Walk away from marathons, some doctors advise
Jim Rohm said he doesn't know for sure whether the heart attack he suffered more than two years ago following a long run was due to the stress that 35 years of marathons have placed on his heart.
He also can't rule that out as a possibility.
“Am I a walking time bomb?” said Rohm, 67, of Baldwin Borough said. “My doctor says no, but I don't know if I believe him.”
Though marathon participation is at an all-time high, some doctors believe too much running can actually become a bad thing, placing an inordinate amount of stress on the heart, knees, shins and back.
How much is too much? It depends on who you ask.
Dr. James O'Keefe, a clinical and research cardiologist at Saint Luke's Mid American Heart Institute of Kansas City and one of the country's most prominent voices on the topic, teamed with Dr. Robert Schwartz of the Minneapolis Heart Institute to produce a study that was released in April and found high-mileage runners are 62 percent more likely to develop coronary artery plaque.
In Rohm's case, there was a buildup of plaque on his heart. A piece broke off and shut down three valves. Rohm, who had just finished showering after a 10-mile run, went into cardiac arrest before his wife, Nancy, could revive him.
“If there's no one there, it's over,” said Rohm, who now alternates walking and running for much shorter distances, fearful of raising his heart rate over 90 beats per minute. “Guess it wasn't my time.”
Over 35 years, Rohm ran 15 marathons, averaged 15-30 road races a year and logged 50-60 miles per week training.
He quit marathons, though, not only after his heart attack but because he came down with infected kidneys after Nos. 13, 14 and 15 from all the pounding.
“There's no bigger high in the world than when you finish (a marathon),” Rohm said. “But there is a wear and tear on the body.”
O'Keefe believes less is more: one to four miles at a time, two to five runs per week. He understands the obsession with completing the 26.2-mile race but thinks one marathon should suffice.
The heart, which suffers small tears by pumping the amount of blood necessary for endurance sports, simply gets worn down over time.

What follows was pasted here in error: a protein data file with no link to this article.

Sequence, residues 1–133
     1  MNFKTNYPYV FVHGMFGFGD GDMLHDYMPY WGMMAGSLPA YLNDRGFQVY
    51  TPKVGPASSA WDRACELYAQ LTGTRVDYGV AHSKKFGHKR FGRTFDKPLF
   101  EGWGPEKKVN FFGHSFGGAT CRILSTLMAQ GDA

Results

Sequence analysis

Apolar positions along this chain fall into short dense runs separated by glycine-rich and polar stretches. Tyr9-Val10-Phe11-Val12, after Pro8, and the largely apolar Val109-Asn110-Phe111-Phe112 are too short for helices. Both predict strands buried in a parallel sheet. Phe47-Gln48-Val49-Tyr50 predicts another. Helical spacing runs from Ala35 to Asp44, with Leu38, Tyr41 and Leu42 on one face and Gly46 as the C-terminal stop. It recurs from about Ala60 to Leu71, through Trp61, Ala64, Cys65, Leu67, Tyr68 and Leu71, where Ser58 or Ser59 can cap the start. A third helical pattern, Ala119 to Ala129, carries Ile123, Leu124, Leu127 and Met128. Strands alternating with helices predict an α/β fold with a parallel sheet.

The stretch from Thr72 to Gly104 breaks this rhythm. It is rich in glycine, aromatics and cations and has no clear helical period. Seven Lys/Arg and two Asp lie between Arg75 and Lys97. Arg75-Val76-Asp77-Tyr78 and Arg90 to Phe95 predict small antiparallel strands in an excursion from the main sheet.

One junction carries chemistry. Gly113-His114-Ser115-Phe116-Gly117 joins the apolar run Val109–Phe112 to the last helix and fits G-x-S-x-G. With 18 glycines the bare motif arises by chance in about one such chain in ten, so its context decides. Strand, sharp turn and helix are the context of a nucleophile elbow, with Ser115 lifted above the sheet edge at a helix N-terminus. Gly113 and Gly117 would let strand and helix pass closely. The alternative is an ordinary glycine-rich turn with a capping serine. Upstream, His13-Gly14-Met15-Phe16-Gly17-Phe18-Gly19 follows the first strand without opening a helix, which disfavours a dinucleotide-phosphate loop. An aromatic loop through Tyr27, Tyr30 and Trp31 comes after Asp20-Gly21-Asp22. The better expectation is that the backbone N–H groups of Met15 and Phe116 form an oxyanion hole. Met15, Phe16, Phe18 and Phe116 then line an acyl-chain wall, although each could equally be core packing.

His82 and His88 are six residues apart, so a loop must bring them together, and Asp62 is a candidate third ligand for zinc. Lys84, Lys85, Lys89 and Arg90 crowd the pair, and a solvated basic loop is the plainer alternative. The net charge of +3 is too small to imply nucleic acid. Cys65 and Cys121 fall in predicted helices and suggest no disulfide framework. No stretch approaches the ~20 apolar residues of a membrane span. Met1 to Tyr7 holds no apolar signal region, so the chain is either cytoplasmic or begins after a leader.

“If you want to run a marathon or a full-distance triathlon, it won't kill you,” O'Keefe said. “Highly unlikely. One in 100,000. Those are pretty long odds. It's just not a pattern that appears to be associated with ideal cardiovascular health.”
THANKS, NO THANKS
Chris Borsani doesn't deny that high-mileage running can take a toll on his body.
The 31-year-old Upper St. Clair resident simply enjoys doing it too much to care.
“I convince myself that the science must be wrong,” Borsani said. “That it's not as bad as they make it out to be.”
Borsani isn't alone. Many hardcore runners think what O'Keefe and others are finding is more the result of manipulated numbers and skewed sample sizes than actual medical discovery.
Dr. Moira Davenport, an emergency and sports medicine physician at Allegheny General Hospital and herself a veteran of 12 marathons, admits marathons are taxing. But she worries more about dehydration and kidney problems.
The heart is a muscle, Davenport argues. It can be stretched out and manipulated. Running can also have osteological benefits than one can't gain from living a sedentary lifestyle.
“Strengthening a muscle is good — in moderation,” Davenport said. “And there have been a lot of studies that show if you have reasonable biomechanics, it's actually protective for your joints.”
A few recent tragedies have given the debate new life. Kyle Chase Johnson, a 23-year-old from Wexford, died a mile shy of the finish line during last year's Pittsburgh Half-Marathon. In April, two men in their 30s died during a half-marathon in North Carolina, and a day later a man in his 40s died while running the London Marathon.
Tragic? Sure. But a small drop in the bucket compared to the total number of people running marathons.
In 1980, 143,000 people completed a marathon, according to Running USA. From 1990 to 2000, those numbers went from 224,000 to 353,000.Last year, 1,110 U.S. marathons produced a record 541,000 finishers. According to a 2010 American College of Cardiology Study, the risk of sudden death during a marathon is 0.8 per 100,000 people.
Sunday's Pittsburgh Marathon was sold out for a sixth consecutive year, with more than 30,000 people set to participate, an event record. Further, there are 3,611 entrants age 50 and older, more than double the 1,529 who ran in 2009.
“I've never thought of it too much from a negative or a taxing standpoint as much as the benefits: increasing my cardiac output and oxygen-carrying capacity,” said Erica Cappabianco, 34, of Ellwood City. “I've looked at it as a positive thing and a healthy thing.”
TAXING THE HEART
So how could running, long seen as a pillar of good health, become a bad thing?
According to O'Keefe, the heart pumps five liters of blood per minute at rest. Intense running increases that total to 25 or 30, he said.